American Greed

From Wikipedia, the free encyclopedia
Jump to navigation Jump to search
American Greed
American greed title card.jpg
Genre Documentary
Narrated by Stacy Keach
Country of origin United States
Original language(s) English
No. of seasons 11
No. of episodes 157 & 3 Specials
Production
Executive producer(s) Sharon Barrett Charles Schaffer
Producer(s) Kurtis Productions
Production location(s) Chicago, Illinois
Release
Original network CNBC
Original release June 21, 2007 – Present
External links
Website

American Greed, also known as American Greed: Scams, Scoundrels, And Suckers aka American Greed: Scams, Schemes, And Broken Dreams, is an original primetime series airing on the business news network CNBC.[1][2] It was created by Bill Kurtis through his Chicago-based Kurtis Productions. As Kurtis was under exclusive contract to competing network A&E at the time, the program is narrated by Stacy Keach Jr..[3] It first aired on June 21, 2007, in the US and is currently celebrating its tenth anniversary.[4] Episodes are also rebroadcast on the television network Escape

The program has been renewed for a twelfth season scheduled to air in 2018.[5]

Subjects[edit]

The business-reality program focuses on the stories behind some of the high-profile corporate and white collar crimes in recent U.S. history, including the financial scandals involving WorldCom,[6] HealthSouth,[7] Tyco International,[8] and CyberNET.[9] In addition, stories feature low-profile financial crimes affecting individual investors and smaller companies, including various Ponzi schemes, real estate and other investment frauds, bank robbery, identity theft, medical fraud, embezzlement, insurance fraud, murder-for-hire, art theft, credit card fraud, money laundering, and crimes committed by elected officials.[10]

In addition, there have been 3 American Greed special presentations: American Greed Special: Bernie Madoff Behind Bars;[11] American Greed: Special Presentation: 9/11 Fraud - “A Contractor Capitalizes on Disaster";[12] and Mob Money: an American Greed Special Presentation.[13]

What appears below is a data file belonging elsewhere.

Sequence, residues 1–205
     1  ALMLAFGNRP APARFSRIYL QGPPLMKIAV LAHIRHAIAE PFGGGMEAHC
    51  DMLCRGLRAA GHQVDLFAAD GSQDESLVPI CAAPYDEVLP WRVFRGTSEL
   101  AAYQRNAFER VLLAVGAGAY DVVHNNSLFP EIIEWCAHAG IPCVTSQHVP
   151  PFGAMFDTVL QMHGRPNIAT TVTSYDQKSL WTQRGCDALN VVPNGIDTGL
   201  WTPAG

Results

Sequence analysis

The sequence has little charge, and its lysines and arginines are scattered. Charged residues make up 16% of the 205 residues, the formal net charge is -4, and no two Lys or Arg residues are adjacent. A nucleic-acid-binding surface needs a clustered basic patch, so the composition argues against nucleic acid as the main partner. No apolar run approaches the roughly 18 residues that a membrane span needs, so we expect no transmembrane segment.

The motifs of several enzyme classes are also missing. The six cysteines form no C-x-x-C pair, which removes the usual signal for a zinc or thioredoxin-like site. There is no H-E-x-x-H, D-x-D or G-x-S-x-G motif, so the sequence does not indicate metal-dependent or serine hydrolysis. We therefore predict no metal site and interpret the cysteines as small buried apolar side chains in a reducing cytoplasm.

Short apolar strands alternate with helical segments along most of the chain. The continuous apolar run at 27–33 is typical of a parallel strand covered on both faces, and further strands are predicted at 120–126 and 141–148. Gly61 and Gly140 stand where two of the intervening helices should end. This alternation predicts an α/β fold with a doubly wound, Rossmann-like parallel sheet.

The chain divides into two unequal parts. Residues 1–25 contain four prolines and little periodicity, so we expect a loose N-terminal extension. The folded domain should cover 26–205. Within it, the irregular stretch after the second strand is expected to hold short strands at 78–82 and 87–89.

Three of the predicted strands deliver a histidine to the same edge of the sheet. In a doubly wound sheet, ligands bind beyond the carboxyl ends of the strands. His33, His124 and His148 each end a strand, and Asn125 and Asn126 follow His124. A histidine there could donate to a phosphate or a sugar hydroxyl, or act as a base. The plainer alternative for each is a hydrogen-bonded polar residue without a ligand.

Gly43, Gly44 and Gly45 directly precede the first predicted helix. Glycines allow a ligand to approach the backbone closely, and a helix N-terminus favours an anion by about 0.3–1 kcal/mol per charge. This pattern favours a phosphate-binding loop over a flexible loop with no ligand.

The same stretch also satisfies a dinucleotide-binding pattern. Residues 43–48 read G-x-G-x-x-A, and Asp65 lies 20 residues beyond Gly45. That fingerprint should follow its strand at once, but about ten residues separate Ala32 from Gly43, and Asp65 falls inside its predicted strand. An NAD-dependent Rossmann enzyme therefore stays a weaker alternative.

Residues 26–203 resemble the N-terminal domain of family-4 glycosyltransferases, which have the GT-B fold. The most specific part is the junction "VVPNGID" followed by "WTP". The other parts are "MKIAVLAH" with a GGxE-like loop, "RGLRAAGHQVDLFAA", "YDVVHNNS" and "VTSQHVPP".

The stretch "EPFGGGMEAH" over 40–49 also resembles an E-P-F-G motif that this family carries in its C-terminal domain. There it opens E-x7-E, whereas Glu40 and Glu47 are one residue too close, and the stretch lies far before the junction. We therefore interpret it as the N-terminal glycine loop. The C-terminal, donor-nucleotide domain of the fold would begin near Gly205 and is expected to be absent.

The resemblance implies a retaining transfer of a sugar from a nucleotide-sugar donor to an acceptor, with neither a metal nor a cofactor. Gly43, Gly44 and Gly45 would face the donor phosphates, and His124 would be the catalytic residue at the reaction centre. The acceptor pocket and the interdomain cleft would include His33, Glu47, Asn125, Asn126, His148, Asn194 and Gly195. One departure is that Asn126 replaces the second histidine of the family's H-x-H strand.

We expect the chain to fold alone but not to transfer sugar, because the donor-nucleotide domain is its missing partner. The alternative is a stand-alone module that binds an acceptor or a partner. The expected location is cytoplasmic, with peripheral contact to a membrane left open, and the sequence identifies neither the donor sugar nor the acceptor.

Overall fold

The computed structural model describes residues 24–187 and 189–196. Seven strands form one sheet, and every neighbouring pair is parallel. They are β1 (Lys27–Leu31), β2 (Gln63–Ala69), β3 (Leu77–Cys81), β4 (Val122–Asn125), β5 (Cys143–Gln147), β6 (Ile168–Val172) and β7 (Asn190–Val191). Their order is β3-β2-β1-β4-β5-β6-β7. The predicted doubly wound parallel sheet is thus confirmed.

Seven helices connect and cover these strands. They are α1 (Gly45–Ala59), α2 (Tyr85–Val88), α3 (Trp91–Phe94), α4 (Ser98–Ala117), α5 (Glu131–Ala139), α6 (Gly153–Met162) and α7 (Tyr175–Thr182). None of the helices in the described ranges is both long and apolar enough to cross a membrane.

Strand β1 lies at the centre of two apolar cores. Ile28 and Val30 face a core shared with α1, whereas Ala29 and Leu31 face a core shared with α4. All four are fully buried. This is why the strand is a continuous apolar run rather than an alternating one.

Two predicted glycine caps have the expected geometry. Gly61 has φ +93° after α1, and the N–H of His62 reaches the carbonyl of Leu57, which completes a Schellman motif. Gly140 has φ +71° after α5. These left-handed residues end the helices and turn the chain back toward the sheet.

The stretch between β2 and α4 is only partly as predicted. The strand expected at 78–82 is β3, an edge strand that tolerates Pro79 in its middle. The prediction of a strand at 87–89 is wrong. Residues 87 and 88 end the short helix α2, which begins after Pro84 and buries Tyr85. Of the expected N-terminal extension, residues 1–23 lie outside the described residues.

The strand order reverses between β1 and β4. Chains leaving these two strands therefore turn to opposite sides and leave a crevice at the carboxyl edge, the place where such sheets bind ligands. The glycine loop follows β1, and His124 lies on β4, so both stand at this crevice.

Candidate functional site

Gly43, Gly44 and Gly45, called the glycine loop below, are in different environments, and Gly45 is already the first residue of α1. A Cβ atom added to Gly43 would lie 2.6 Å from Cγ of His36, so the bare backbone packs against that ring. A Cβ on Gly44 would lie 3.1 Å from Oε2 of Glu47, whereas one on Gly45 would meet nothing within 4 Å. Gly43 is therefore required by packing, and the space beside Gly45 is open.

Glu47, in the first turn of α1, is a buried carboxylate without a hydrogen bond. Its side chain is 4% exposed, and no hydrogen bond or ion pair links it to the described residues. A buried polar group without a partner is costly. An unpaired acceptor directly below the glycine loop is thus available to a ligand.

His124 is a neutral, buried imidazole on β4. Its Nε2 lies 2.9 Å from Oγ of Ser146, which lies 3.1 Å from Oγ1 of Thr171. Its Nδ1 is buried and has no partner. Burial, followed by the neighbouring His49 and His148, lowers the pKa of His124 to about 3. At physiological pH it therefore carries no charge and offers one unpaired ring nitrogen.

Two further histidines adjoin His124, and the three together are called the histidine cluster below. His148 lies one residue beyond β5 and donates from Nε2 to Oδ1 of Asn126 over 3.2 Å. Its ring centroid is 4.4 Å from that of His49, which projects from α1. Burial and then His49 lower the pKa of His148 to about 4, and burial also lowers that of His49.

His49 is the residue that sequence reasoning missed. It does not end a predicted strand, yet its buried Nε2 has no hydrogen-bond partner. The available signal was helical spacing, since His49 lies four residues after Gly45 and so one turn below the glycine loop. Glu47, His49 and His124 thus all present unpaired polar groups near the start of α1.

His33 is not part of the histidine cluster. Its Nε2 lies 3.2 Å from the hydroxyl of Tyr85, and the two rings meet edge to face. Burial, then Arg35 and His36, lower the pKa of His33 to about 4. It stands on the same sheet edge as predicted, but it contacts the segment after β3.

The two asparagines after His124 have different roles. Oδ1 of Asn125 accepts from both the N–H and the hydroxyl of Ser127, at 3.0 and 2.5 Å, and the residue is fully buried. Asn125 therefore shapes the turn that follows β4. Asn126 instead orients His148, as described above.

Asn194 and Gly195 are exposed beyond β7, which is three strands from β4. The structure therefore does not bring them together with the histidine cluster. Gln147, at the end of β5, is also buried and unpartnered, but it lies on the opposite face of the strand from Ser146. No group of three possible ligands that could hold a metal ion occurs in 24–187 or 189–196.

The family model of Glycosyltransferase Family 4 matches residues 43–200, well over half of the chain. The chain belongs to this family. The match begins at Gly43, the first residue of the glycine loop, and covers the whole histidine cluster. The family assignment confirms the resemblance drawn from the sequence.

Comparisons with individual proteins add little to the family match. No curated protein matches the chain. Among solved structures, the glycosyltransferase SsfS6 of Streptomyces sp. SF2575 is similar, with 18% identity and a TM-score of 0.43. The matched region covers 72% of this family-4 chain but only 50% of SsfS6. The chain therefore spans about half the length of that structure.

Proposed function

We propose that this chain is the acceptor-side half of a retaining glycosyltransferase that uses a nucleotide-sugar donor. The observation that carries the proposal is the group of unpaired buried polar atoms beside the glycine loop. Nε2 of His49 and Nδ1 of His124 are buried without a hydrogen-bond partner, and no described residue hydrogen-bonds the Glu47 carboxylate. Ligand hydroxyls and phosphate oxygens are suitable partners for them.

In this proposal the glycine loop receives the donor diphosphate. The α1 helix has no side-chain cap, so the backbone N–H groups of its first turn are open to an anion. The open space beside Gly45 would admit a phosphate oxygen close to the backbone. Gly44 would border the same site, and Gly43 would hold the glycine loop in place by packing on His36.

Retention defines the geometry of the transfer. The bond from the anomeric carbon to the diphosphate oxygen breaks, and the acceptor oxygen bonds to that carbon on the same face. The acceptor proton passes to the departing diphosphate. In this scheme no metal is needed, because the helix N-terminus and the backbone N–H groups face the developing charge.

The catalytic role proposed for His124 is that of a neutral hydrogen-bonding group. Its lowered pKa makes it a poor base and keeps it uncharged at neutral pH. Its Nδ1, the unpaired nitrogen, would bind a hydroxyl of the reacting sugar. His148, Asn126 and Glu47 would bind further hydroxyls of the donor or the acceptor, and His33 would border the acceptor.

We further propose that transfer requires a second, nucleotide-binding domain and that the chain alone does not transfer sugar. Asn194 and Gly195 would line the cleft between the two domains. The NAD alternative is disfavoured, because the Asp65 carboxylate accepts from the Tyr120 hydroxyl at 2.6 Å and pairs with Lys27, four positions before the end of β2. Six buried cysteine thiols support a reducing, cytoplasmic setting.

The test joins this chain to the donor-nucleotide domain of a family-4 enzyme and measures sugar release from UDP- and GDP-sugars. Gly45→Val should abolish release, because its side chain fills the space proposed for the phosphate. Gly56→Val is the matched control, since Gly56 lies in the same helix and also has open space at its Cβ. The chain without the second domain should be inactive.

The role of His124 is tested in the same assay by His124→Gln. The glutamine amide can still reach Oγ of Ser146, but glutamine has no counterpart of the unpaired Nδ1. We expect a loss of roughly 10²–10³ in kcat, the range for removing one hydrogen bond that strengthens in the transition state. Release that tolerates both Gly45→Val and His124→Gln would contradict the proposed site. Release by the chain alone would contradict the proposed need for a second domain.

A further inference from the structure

Episodes[edit]

The show began airing its eleventh season in January, 2017.

In August 2012 CNBC aired the series American Greed: The Fugitives which focused on active cases of alleged white-collar crime. The show documented stories of suspects who were still at large and had continued to evade authorities.[14] It lasted 2 seasons, covering 13 cases of financial crimes.[15] After the Nov. 14, 2013, airing of American Greed: The Fugitives #12, viewer tips led to the successful Nov. 26, 2013, arrest of FBI Most Wanted fugitive David Kaup, who had been a fugitive since Dec. 17, 2012, when he failed to appear for sentencing in Los Angeles.[16][17]

Criticisms

The show has been criticized for overestimating law enforcement's interest and involvement in combating fraud, as many frauds are discovered only after a number of people have already been victimized; e.g., the largest fraud, Bernie Madoff's $65 billion Ponzi scheme, ended only after he confessed. In civil fraud claims, courts require that the fraud be pleaded with specificity and the proponent provide documentation corroborating the claim.[18] In the Madoff case, an early administrative complaint was dismissed for lack of evidence, with the claim of a Ponzi scheme deemed speculative and unsubstantiated using essentially the same standard federal courts employ in evaluating civil fraud claims.[19]

References[edit]

1. Fed.R. Civ. Pro 9.

2. Ashcroft v. Iqbal, 556 U.S. 662 (2009).

External links[edit]